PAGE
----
"Uncle Joe knew more about you than you knew about yourself."
Joe Vlasits may have only coached Australia for a total of 23 matches between 1967 and 1970, but his far-reaching impact upon the birth of the Socceroos culture can still be seen today.
From developing the likes of Johnny Warren and John Watkiss to making the bold decision to usher in a fresh crop of rising stars into the national team set up, Vlasits' approach paid incredible dividends in both the short and long term.
Throughout his reign, Vlasits ushered in a new generation of Australians into a Green and Gold shirt, advocated for the formation of Australia's youth national teams and helped create the national coaching federation.
Within his first year in charge, Vlasits led a squad that averaged just 22 years of age to defeat some of Asia's best, finishing a 10-game tour undefeated and lifting the Quoc Khan Cup in war-torn Vietnam.
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The fact he was affectionately known as “Uncle Joe” says everything about the impression Vlasits left upon those he met.
Football Australia Hall of Fame member Attila Abonyi was handed his first international cap under the coach as a teenager. He repayed his boss' faith, scoring a hat-trick in his first 'A' international.
"He (Vlasits) was unbelievable," reflected Abonyi.
"Poor Uncle Joe was very old-fashioned, even in those days, but I don’t think I’ve met a more honest person. He had so much respect from all the boys - he was like a father figure.
"He was a tremendous, lovely guy, very hard working while very old fashioned in lots of ways - but absolutely brilliant."
Born in Hungary in 1921, Vlasits' brief playing career for First Division side NSC of Budapest was cut short due to injury. From there, he took up coaching and worked as a coach within the Hungarian national body, specialising in youth education.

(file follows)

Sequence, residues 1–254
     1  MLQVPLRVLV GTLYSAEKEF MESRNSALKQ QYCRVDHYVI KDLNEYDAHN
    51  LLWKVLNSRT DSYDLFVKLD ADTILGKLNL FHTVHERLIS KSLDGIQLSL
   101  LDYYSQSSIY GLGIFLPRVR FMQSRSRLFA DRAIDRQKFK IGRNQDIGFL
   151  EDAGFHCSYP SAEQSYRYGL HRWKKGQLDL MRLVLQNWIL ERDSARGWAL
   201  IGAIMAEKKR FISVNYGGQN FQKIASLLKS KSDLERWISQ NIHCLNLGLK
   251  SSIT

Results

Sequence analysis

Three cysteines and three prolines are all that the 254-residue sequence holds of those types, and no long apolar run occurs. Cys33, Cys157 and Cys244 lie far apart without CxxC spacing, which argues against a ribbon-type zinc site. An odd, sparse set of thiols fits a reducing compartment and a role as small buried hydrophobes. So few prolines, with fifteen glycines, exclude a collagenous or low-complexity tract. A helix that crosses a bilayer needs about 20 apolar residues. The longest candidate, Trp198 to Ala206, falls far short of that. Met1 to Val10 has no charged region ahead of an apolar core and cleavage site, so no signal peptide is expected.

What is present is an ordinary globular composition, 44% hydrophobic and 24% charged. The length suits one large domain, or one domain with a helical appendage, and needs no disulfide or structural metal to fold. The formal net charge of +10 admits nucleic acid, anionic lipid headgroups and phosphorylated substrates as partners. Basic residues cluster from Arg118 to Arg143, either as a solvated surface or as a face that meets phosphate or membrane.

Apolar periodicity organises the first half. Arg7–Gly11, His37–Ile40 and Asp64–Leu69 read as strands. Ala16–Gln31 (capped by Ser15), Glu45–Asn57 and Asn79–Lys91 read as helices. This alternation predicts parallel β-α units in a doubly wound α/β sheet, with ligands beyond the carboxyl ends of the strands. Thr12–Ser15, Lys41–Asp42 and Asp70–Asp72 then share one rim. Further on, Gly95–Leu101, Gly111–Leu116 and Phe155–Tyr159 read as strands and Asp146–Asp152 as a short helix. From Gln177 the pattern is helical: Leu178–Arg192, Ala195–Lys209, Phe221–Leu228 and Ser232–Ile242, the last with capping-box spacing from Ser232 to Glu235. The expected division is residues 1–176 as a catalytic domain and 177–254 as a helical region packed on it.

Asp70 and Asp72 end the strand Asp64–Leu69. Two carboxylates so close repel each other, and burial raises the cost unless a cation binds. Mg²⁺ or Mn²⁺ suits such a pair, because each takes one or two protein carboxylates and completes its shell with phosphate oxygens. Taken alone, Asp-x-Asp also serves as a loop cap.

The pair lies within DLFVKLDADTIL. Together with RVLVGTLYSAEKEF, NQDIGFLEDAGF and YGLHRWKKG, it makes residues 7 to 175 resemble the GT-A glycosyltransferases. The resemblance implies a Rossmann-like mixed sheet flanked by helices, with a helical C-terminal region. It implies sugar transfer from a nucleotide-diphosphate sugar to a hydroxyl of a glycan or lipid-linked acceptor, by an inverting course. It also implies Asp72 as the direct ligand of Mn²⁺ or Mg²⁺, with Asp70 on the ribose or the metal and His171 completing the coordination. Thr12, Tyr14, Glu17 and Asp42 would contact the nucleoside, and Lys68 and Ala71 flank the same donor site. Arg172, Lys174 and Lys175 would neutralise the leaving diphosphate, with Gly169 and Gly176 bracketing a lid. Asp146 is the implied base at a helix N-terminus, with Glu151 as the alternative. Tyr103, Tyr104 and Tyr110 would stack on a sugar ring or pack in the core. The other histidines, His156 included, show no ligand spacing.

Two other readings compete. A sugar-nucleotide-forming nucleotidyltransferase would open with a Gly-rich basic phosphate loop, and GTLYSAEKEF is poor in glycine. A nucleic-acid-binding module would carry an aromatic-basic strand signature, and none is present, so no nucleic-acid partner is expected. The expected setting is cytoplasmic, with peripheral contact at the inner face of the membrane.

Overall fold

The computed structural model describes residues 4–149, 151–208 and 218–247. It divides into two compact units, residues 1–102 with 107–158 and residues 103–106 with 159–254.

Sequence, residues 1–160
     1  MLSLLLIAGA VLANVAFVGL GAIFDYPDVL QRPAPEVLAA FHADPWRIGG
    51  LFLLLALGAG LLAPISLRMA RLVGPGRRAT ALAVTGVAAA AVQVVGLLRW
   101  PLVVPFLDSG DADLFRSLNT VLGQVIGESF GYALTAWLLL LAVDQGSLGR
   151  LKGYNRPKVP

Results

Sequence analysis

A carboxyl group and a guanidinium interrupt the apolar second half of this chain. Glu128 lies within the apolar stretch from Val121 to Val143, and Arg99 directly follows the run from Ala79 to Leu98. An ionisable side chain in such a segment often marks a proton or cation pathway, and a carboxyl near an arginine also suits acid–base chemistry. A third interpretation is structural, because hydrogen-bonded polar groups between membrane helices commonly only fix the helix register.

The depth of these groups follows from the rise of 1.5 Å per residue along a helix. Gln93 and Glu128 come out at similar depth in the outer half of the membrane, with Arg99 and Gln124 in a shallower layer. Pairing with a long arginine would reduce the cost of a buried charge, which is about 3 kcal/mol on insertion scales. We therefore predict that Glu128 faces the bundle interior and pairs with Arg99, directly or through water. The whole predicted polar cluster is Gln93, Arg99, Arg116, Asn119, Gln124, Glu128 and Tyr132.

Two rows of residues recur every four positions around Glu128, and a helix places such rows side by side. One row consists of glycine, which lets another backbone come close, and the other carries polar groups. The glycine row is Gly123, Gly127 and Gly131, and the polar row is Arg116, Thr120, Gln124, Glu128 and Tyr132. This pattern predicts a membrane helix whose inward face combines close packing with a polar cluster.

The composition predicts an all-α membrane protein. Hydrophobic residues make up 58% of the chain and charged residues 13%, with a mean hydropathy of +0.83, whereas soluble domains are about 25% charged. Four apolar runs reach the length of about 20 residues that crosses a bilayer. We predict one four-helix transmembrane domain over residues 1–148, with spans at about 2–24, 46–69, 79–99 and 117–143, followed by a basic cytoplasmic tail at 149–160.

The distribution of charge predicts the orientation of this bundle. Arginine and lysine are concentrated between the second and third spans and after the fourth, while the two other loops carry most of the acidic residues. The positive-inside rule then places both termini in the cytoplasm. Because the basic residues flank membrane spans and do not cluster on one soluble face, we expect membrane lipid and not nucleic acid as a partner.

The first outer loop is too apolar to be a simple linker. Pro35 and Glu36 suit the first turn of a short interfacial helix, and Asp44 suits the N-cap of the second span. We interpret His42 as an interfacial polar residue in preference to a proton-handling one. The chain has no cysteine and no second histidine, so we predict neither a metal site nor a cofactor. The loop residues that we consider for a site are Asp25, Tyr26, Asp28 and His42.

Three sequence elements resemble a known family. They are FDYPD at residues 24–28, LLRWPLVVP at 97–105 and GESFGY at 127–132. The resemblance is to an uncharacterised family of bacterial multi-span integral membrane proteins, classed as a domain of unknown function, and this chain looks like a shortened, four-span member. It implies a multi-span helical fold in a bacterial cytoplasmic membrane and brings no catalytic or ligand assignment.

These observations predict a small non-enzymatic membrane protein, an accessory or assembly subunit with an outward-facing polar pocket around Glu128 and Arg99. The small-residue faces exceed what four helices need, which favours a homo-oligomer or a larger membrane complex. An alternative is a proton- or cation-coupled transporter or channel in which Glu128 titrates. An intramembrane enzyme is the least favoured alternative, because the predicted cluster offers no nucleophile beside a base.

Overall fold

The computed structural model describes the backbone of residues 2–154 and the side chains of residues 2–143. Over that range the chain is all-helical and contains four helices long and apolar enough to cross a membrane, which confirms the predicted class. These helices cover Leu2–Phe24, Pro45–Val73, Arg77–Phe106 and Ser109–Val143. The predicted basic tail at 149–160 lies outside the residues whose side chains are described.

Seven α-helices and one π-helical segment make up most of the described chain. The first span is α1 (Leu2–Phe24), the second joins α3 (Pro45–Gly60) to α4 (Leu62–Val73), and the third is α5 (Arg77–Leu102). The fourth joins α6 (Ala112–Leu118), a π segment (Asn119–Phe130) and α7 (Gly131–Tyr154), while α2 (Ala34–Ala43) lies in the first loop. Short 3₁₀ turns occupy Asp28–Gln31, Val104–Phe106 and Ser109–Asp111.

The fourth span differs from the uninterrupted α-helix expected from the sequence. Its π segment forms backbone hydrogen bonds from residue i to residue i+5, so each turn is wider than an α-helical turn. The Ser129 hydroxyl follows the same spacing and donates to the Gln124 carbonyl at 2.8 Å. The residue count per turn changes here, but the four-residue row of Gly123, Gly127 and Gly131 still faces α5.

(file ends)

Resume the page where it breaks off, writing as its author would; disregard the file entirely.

Vlasits relocated to Australia from his native Hungary in the late 1940s and soon began coaching within the NSW State League.
He would go on to win titles with Prague and St George, but it was his time coaching the 'Canterbury Kids' that many remember him for.
The team possessing some of the nation's best rising talent, including the likes of Warren, Watkiss and Corry, took the competition by storm as they won the 1958 and 1960 titles.
Fast forward to 1967, and one of Vlasits' first acts as Australia Head Coach would be to make a 24-year-old Johnny Warren captain of the side for the first time.
The move signalled a changing of the guard, which some label a process of 'Australianising' the national team - promoting and developing young Australian born players into the national team for the first time.
Vlasits brought together players with an incredibly diverse set of background and taught them exactly what it means to wear the Green and Gold shirt.
He also emphasised need for specialised coaches, players and administrators to further the development of the game as a whole.
Former Australian captain Stan Ackerley recalls an amusing story that goes to show Uncle Joe's outstanding emphasis on man-management.
"Uncle Joe knew more about you than you know about yourself," he said.
"During the day I worked outside in quite a physical job labouring with heavy machinery and when it came to our session Joe said ‘Stan you've had a big busy day today’ and I said ‘no Joe I'm fine!’
"He was a very caring person who knew stuff about you that made you think, 'where has he got that information?'
"I never heard him say a bad word, even in changing rooms where he should have done at times! But he was such a nice guy and I had a hell of a lot of time for him."
If engineering the birth of a never-say-die culture and turning around the disappointing results of Australia's 1966 World Cup Qualification campaign wasn't enough of a challenge, Vlasits' first major tournament in charge was truly a baptism of fire.
He attracted some criticism from the Australian media for selecting a squad packed with debutants to venture into the South Vietnamese capital Saigon at the height of the Vietnam War for the 'Friendly Nation's Tournament.
But Vlasits' side would defy the odds to overcome all of the nations in their way, coming from behind to defeat South Korea in the final and take home Australia's first international trophy.
All in all, he coached Australia for a total of 23 'A' international games — resulting in 13 wins, seven draws, and three losses at a solid 57% win loss ratio.
While Vlasits' men fell short of qualifying for the 1970 World Cup, eight players in the 1967 squad would go on to take their place in the team that qualified for Australia's first World Cup in West Germany four years later.
Legendary Socceoros striker Ray Baartz, who also played his first international under Vlasits, powerfully summarises the coach's onlasting legacy.
"Team spirit was his forte," Baartz said.
"He developed the passion that defined wearing the Green and Gold and representing your country."
Joe Vlasits was born in 1921 and passed away at the age of 64 on this day (23rd April) in 1984.